Raptors small icon 12. Raptors (32-22, LW 12). They have lost four of six, and while the offense has stumbled some of late the real problem is a defense that was fourth in the NBA in December and 18th in February. Now Kyle Lowry is saying the team needs something, and it feels as if there is pressure building on Masai Ujiri to make a trade and bring in some depth at the four. Serge Ibaka is the big name, but there is Danilo Gallinari and other options.

 
Clippers small icon 13. Clippers (33-21, LW 14). With Chris Paul sidelined, Jamal Crawford has stepped up his game scoring 20 points a game and shooting 51.4 percent from three in his last five games. Crawford and Blake Griffin are carrying the Clippers offense of late. The Clippers have gone 4-6 on a tough stretch of road games, but it doesn’t end now with the Jazz and Warriors on the road this week.

 
Heat small icon 14. Heat (24-31, LW 13). Their 13-game win streak ended at the hands of a Sixers team playing without Joel Embiid or Jahlil Okafor. It happens, but the Heat are just two games out of the playoffs in the East now and have a real shot. It will help to get Dion Waiters back from his sprained ankle — he has thrived in the spotlight — but also expect the Heat to be buyers, not sellers, at the trade deadline.

 
Bulls small icon 15. Bulls (26-28, LW 15). Can the Bulls hang on to a playoff spot in the East? They are currently just 1.5 games ahead of ninth-seeded Charlotte and the time off around the All-Star Game couldn’t come at a better time as Jimmy Buttler has missed time with a heel injury and Dwyane Wade with his wrist. Also, the Bulls schedule gets tough the next few weeks, starting with Toronto and Boston this week. Chicago is entering a make-or-break part of the season.

 
Nuggets small icon 16. Nuggets (24-30, LW 17). Nikola Jokic put on a show in Madison Square Garden Friday night, just another step in him announcing himself as a future star in this league. That star didn’t pair well with Jusuf Nurkic hence the trade of him for Mason Plumlee, a move the Nuggets thing will help this team get the eight seed in the West. I’m not sold Plumlee and Jokic are going to pair a whole lot better, with the issue being on defense (Denver is already dead last in that category in the league), but if you platoon them, you can bolster the second unit.

Pistons small icon 17. Pistons (26-29, LW 16). With an impressive comeback win on Sunday night (the Raptors did their share to help) the Pistons improved to 5-2 in February — and it’s not a coincidence that Stan Van Gundy has started to lean heavily on Ish Smith and not Reggie Jackson at the same time. The Pistons have games this week against the Bucks and Mavericks — the kinds of games they need to win if they are a playoff team.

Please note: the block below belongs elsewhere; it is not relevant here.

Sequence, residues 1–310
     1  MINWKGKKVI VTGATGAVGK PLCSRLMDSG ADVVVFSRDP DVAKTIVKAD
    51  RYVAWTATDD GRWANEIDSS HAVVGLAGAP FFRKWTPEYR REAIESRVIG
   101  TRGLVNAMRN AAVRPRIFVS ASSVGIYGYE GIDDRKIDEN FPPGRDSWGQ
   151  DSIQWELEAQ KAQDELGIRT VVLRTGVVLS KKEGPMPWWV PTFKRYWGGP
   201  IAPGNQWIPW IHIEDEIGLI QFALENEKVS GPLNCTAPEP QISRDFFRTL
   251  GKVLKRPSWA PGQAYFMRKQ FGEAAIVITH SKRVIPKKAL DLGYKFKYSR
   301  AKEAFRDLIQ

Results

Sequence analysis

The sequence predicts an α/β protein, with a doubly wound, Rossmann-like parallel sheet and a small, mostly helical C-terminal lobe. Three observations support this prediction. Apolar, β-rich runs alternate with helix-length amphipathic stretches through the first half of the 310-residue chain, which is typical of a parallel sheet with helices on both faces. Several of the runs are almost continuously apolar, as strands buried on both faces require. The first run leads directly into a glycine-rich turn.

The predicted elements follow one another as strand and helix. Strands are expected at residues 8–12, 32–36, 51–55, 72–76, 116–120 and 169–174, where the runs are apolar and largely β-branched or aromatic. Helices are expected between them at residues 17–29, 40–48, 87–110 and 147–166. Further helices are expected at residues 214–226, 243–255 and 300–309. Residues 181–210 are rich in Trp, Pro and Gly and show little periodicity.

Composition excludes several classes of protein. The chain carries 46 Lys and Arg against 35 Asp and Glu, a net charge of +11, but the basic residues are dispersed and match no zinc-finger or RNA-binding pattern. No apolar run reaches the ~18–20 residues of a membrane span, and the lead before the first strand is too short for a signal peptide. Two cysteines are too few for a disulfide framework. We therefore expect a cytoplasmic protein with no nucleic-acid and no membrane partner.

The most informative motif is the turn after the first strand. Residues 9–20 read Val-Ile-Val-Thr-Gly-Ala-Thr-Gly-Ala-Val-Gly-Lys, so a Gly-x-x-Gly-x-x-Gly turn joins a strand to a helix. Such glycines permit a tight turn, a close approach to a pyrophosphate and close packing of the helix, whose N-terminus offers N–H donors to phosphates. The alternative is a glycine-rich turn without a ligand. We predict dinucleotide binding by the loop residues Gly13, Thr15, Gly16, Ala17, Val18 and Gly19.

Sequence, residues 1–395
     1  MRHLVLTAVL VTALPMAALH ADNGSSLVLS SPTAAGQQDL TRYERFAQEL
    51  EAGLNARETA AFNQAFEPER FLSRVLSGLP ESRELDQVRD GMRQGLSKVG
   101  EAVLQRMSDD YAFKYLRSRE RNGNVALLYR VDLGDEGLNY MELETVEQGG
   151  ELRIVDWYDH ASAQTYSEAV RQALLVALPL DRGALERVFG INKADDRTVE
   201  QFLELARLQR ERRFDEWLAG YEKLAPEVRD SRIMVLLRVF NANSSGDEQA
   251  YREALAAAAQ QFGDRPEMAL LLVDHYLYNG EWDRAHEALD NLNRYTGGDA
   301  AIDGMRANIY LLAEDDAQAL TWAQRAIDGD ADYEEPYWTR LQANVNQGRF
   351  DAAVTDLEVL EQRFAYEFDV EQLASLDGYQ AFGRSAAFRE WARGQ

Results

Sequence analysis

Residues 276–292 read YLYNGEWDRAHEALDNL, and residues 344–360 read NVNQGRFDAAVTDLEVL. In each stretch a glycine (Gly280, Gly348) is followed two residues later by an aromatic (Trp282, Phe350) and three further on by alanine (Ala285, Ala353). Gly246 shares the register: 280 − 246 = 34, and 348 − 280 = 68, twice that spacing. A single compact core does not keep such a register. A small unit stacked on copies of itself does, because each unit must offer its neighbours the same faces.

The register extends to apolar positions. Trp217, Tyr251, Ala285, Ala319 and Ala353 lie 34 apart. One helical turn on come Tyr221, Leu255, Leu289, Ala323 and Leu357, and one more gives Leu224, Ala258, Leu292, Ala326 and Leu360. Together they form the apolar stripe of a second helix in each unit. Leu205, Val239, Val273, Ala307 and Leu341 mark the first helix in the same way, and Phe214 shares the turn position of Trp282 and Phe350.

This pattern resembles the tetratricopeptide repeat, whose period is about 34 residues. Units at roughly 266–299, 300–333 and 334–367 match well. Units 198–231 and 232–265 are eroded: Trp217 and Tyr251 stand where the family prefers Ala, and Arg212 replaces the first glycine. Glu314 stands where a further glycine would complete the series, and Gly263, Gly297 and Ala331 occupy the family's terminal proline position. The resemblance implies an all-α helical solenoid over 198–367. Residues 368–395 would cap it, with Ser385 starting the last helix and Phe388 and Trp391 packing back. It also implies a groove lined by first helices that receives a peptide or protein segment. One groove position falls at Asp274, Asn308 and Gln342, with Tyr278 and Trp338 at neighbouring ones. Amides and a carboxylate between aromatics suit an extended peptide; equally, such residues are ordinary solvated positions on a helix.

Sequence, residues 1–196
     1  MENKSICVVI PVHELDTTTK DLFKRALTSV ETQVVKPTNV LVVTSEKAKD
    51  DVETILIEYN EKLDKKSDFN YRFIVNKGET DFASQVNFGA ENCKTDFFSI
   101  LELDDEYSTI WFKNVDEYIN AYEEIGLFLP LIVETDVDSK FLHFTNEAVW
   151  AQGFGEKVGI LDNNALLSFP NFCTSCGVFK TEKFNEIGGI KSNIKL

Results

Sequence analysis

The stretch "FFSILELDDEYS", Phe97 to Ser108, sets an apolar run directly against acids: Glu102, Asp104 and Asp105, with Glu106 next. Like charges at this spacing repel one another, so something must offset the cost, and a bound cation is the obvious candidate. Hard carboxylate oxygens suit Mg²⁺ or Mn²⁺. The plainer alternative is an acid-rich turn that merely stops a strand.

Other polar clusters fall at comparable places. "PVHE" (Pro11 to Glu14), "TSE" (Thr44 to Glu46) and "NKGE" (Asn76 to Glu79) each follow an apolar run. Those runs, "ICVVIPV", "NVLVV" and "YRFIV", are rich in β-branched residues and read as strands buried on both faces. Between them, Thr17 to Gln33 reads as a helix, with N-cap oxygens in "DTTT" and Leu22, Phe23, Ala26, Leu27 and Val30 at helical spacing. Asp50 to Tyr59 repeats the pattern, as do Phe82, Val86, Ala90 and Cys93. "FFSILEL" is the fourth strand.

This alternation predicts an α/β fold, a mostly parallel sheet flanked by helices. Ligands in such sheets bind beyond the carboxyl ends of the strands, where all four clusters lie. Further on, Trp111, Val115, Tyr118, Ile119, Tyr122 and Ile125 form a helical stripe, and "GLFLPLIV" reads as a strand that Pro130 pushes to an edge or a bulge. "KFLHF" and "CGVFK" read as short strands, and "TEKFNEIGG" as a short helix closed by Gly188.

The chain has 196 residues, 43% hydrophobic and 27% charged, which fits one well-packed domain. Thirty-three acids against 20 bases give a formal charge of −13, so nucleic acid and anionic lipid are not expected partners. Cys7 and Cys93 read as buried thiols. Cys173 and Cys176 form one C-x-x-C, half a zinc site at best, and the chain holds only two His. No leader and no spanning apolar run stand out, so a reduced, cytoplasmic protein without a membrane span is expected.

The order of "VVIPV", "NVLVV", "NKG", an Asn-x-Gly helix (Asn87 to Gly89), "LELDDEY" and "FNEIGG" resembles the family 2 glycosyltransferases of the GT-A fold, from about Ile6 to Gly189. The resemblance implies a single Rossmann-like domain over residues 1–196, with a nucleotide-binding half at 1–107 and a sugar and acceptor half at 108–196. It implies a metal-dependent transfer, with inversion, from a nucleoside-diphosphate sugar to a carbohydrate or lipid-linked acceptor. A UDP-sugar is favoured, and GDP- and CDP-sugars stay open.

Mavericks small icon 18. Mavericks (22-32, LW 18). Dallas tread water in the chase for the eight seed in the West last week with losses to the Nuggets and Trail Blazers, but a win over Utah. Dallas remains two games out of the playoffs and will try to pick up some wins with what be a suddenly deep backcourt — Yogi Farrell has been fantastic, Deron Williams returned to the rotation on Saturday, and J.J. Barea is expected back in the lineup not long after the All-Star break.

 
Blazers small icon 19. Trail Blazers (23-31, LW 19).. The trade to bring in Jusuf Nurkic seems like a move for the future, not one designed to help them catch the Nuggets for the eight seed this season, because Plumlee’s versatility and skill as a secondary playmaker was a better fit for the Portland offense than back-to-the-basket Nurkic. Also the Trail Blazers now have three first round picks in this coming draft, which is to say don’t think they are done dealing. Either at the trade deadline or draft night.

 
Kings small icon 20. Kings (22-32, LW 23). DeMarcus Cousins has already been suspended one game for reaching 16 technicals in one season and now gets another missed game every second technical he picks up — and he got one Sunday night (he made incidental contact to the face of Donatas Motiejunas, it was a fair call he did catch the guy in the face). The Kings need him on the court to have a shot at the playoffs, and the owner wants them in it — which could lead to a short-term thinking move at the trade deadline. Don’t be shocked.

 
Hornets small icon 21. Hornets (24-30, LW 20). Kemba Walker is a deserving All-Star for the Hornets this coming weekend, the first Hornet All-Star since Gerald Wallace in 2010. The Hornets, however, have gone 1-2 on a homestand before they head out on a brutal seven game road trip (starting Wednesday in Toronto). They are only 1.5 games out of the playoffs but those postseason chances could get buried if they struggled on their road trip. They got Cody Zeller back for a night, they need a lot more of him.

 
Bucks small icon 22. Bucks (23-30, LW 24). The Bucks got Kris Middleton back and things were looking up, and then came the devastating ACL injury to Jabari Parker. The Bucks are back to playing their aggressive defense — in February they are averaging eight blocks and 9.8 steals per game, can that plus some added offense from Mirza Teletovic get them back into the playoffs? Hard to see it.

 
Pelicans small icon 23. Pelicans (21-33, LW 25). It is going to be a wild weekend in New Orleans, with the NBA All-Star Game and Anthony Davis is rightfully going to be at the heart of it all. Of course, the question is when the Pelicans will get some All-Star level talent to go around Davis? I’m good with the idea of taking a flyer on Jahlil Okafor via trade, maybe he pairs well with Davis, but what this roster really needs is some shooting out on the wings.